I received this book for free from the library in exchange for my honest opinions/ review. This does not affect my opinion of the book or the content of my review.
This post contains affiliate links you can use to purchase the book. If you buy the book using that link, I will receive a small commission from the sale.
Published by W. W. Norton Company on September 15th 2014
Source: the library
Buy on Amazon
A young mortician goes behind the scenes, unafraid of the gruesome (and fascinating) details of her curious profession.
Most people want to avoid thinking about death, but Caitlin Doughty—a twenty-something with a degree in medieval history and a flair for the macabre—took a job at a crematory, turning morbid curiosity into her life’s work. Thrown into a profession of gallows humor and vivid characters (both living and very dead), Doughty learned to navigate the secretive culture of those who care for the deceased.
Smoke Gets in Your Eyes tells an unusual coming-of-age story full of bizarre encounters and unforgettable scenes. Caring for dead bodies of every color, shape, and affliction, Doughty soon becomes an intrepid explorer in the world of the dead. She describes how she swept ashes from the machines (and sometimes onto her clothes) and reveals the strange history of cremation and undertaking, marveling at bizarre and wonderful funeral practices from different cultures.
Her eye-opening, candid, and often hilarious story is like going on a journey with your bravest friend to the cemetery at midnight. She demystifies death, leading us behind the black curtain of her unique profession. And she answers questions you didn’t know you had: Can you catch a disease from a corpse? How many dead bodies can you fit in a Dodge van? What exactly does a flaming skull look like?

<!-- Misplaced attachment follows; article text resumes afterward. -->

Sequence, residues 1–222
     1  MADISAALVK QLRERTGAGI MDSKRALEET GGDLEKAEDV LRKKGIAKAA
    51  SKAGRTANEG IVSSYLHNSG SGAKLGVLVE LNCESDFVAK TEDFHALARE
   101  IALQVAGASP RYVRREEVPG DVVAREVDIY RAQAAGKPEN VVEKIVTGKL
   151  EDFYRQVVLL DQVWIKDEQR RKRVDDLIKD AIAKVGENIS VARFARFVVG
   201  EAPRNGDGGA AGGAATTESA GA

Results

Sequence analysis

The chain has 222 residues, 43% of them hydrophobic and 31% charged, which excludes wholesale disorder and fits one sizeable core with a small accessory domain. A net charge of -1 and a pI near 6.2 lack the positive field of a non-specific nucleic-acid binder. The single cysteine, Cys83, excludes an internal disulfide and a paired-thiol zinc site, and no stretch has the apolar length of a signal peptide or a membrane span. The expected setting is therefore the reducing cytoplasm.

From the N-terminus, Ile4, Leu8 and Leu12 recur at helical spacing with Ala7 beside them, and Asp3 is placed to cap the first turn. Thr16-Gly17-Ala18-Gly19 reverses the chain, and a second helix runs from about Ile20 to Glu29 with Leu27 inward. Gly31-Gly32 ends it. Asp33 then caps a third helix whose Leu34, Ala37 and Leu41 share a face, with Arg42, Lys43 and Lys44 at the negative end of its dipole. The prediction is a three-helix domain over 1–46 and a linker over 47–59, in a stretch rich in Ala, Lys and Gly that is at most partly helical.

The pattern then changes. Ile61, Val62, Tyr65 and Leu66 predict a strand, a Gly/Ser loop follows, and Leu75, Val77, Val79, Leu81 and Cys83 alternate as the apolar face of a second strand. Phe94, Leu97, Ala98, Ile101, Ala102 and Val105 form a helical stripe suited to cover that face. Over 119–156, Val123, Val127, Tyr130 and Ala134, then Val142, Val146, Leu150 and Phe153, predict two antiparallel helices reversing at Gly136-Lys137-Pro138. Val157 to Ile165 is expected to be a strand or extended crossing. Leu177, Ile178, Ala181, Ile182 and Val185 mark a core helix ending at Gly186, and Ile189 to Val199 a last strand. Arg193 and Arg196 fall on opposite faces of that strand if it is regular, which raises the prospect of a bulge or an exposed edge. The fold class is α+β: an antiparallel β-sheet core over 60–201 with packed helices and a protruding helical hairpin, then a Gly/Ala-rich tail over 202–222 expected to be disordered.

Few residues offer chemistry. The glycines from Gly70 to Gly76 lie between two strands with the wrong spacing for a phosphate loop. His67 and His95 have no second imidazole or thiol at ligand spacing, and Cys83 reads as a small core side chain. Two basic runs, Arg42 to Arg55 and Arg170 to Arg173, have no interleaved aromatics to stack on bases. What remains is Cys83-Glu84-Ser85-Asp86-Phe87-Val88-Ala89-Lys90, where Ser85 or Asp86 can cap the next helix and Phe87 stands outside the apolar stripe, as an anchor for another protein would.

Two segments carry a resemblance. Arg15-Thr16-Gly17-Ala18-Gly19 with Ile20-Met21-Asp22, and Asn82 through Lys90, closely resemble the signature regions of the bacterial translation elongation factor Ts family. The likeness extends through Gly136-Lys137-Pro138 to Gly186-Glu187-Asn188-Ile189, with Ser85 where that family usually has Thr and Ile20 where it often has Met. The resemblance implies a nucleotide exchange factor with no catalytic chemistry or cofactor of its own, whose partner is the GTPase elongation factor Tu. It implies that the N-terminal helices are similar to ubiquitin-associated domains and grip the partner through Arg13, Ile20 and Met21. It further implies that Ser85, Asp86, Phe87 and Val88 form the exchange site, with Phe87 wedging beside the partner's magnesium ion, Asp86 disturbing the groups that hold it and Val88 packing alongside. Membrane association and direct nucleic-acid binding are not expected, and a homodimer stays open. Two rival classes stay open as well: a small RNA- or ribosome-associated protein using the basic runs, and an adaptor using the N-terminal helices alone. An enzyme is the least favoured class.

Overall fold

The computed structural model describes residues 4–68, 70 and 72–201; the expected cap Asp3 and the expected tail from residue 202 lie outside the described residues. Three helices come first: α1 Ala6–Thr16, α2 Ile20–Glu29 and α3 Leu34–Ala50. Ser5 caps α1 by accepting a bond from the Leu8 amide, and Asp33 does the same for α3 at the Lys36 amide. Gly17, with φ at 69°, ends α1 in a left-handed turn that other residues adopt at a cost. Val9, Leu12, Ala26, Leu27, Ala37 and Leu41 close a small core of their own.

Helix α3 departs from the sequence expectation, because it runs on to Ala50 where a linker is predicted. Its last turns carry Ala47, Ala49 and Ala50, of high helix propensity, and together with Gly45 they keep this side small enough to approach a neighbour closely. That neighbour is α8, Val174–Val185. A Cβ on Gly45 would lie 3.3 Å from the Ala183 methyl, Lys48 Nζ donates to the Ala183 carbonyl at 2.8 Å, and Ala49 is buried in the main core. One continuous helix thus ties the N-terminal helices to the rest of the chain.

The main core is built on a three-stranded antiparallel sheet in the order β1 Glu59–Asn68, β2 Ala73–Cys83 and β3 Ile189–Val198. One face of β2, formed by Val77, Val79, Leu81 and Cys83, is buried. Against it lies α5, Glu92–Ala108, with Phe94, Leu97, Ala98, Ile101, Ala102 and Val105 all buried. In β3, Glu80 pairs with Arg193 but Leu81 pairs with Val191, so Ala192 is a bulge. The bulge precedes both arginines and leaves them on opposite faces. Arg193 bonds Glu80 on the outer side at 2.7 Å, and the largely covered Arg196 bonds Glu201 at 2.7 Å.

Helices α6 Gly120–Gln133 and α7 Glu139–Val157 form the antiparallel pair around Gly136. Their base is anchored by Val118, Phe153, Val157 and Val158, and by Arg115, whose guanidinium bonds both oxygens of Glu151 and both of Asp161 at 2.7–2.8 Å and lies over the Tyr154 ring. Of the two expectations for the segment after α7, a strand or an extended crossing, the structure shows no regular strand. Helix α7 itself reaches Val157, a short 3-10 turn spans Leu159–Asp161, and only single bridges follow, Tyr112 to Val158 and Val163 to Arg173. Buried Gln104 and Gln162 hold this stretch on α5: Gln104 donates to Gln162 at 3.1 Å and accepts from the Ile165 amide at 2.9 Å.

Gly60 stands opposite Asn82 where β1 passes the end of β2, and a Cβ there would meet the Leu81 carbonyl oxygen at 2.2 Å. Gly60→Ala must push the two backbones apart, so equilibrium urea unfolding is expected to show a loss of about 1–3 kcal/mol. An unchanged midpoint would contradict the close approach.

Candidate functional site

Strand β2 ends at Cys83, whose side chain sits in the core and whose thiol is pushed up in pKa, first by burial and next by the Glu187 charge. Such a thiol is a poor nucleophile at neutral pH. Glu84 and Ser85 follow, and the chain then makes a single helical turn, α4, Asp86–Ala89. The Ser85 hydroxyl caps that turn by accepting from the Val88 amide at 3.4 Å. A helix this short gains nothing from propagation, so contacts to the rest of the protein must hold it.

Honest and heartfelt, self-deprecating and ironic, Doughty's engaging style makes this otherwise taboo topic both approachable and engrossing. Now a licensed mortician with an alternative funeral practice, Doughty argues that our fear of dying warps our culture and society, and she calls for better ways of dealing with death (and our dead).
So when I was recovering from surgery, I watched a LOT of youtube videos. I started off watching Plan With Me Videos (for the non planners among us, yes that’s a thing), which morphed into watching documentaries saved on my “watch later” list, which morphed into this girl talking about what happened to the dead bodies from the Titanic. And five hours later, I think I watched every single YouTube video Caitlin Doughty made (Ask a Mortician). At the end of several of her videos, she mentions her book. Being a book blogger, naturally I had to get a copy from my fantastic local library and then read it as quickly as possible.
Naturally – the timing sucked. My uncle Paul had recently passed away – heart attack in his truck in the Walmart parking lot (seriously) and there was a ton of mix-ups in dealing with his death. My dad had been told he was executor of the will, come to find out he had been my uncle’s Power of Attorney. His brother Bobby was against cremation, saying it was against their religion, when Paul had asked to be cremated. Paul wanted to be buried on top of his mother’s plot – the cemetery refused to do that, saying it was “illegal” (it’s not). Everyone thought there was life insurance – guess what, no life insurance. The problems just went on & on, because there was no real concrete burial plan in place.
If nothing else, this life lesson taught me the importance of it, and this book casts a – often blunt – light at the realities of death. There were a few parts that are not for the faint of heart, but it was fascinating to me to read about what actually happens after death. No one really thinks about the reality of the people behind a funeral home.
It’s definitely not a book for everyone, but also well worth the read if you can handle the subject matter
(TW: infant death)